An interesting comment was made in an opinion piece by the American College of Physician from May, regarding the Medicare incentive program that gives physicians a 10 percent bonus on particular types of visits from January 2011 through December 2015.
“While the College recognizes that a 10 percent incentive payment on some primary care services, while significant, is not by itself sufficient to ensure an adequate supply of general internists and other primary care physicians, allowing it to expire would compound the shortage of primary care physicians, making it more difficult for established primary care physicians to continue to see Medicare patients or accept new ones and making it less likely that medical students will choose careers in primary care.”
The incentive program, which will likely not be extended, started because, given the changes in reimbursement models being planned, the value of the entry point into healthcare — the primary-care physician — was at risk.
What struck me about the statement was the fact that the 10 percent incentive payment itself was not sufficient to increase the supply of primary-care physicians. In real physician income, this type of incentive is not even sufficient to effectuate the Medical Home model or even the initiatives necessary to generate more care coordination — the distilled service that came from the Medical Home model.
Most recently, the initiatives that we have seen in physician reimbursement have been about “paying for quality.” However, the underlying issue is really in the cost of care. Almost every initiative is measured by how it controls cost. There is true genius in the overall plan that moves away from fee for service to one that includes results as a significant component of care. However, when there is a question of cost-versus-quality in decision making by those running the show, we know that cost will ultimately win. There will be some quality benefits certainly, but ultimately the goal is all about reducing the cost of care.
Concierge care differs though in that it generates quality, with larger incentives. As a payment system that takes cost out of the hands of the insurers and government and puts it firmly into the hands of the consumer, concierge recognizes the value of the physician in the equation. Unlike government initiatives, its success in a practice is purely about delivering on the promises that it makes. Generally they are about three things: Time, time and time. Concierge programs include greater connectivity to the provider, not just the practice, greater individual availability, and stronger individual relationships.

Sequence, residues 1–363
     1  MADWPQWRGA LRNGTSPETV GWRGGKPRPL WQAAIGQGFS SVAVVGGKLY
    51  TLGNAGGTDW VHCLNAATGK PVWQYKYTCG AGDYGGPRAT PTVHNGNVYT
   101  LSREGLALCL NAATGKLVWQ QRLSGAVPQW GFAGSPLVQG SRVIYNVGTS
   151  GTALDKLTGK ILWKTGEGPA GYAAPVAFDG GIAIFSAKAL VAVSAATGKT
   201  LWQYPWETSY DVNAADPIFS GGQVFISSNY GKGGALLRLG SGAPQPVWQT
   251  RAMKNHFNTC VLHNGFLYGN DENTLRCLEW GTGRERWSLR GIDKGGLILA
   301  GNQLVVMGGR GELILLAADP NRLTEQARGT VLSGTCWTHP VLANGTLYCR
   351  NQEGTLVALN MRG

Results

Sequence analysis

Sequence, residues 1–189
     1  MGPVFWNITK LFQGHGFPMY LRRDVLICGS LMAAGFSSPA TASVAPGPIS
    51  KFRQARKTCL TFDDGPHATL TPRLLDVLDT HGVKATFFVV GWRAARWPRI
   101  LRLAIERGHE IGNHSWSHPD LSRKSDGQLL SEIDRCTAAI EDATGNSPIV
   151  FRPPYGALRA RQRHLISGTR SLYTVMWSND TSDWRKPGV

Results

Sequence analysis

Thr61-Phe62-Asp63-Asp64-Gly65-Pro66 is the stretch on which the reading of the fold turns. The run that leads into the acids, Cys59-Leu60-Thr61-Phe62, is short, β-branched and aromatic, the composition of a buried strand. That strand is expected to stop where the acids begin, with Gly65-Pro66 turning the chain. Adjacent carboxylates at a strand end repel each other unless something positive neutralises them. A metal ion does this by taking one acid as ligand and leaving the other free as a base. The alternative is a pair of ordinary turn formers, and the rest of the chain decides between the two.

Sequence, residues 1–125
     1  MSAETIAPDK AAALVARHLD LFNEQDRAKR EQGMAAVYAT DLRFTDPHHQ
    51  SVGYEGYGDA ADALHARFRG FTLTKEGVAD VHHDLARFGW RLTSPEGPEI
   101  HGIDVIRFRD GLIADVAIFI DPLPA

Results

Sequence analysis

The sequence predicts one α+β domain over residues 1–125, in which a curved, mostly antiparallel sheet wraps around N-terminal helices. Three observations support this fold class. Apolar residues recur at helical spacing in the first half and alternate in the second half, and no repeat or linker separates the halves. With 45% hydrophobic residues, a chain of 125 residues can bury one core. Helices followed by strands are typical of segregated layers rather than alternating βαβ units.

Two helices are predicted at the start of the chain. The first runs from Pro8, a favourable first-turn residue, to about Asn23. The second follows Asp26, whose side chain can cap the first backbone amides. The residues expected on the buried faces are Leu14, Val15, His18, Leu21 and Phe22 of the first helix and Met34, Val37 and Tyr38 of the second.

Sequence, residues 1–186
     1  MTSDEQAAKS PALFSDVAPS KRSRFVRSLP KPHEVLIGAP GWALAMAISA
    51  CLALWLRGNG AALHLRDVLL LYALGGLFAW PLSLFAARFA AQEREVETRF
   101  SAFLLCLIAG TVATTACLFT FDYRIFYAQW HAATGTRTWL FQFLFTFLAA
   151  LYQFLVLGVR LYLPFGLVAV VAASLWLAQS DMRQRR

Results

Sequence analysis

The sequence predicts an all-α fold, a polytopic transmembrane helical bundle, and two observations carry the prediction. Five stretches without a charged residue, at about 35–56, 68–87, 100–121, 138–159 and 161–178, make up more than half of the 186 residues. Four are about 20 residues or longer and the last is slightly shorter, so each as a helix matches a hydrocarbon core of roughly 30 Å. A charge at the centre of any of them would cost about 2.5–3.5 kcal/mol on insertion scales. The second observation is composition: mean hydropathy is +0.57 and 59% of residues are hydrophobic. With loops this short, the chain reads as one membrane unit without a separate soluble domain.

The current initiatives regarding physician reimbursement do not include these elements; they do not recognize the value these elements bring to quality healthcare. When the individual provider is no longer valued and there is a team approach to care, there is no question that cost is reduced. Teams include various levels of providers whose time is valued differently. Teams may not be better than a well compensated physician delivering the management and delivery of care, but this approach is valued because of the cost reduction.
To add quality time to the equation by an actual primary-care physician, delivering more broadly the concierge approach, far more than a 10 percent increase is needed. I agree with the ACP, and hope that the government does extend the 10 percent incentive program. But remember, cost is king. And if that incentive does nothing to reduce costs, it may be on the chopping block.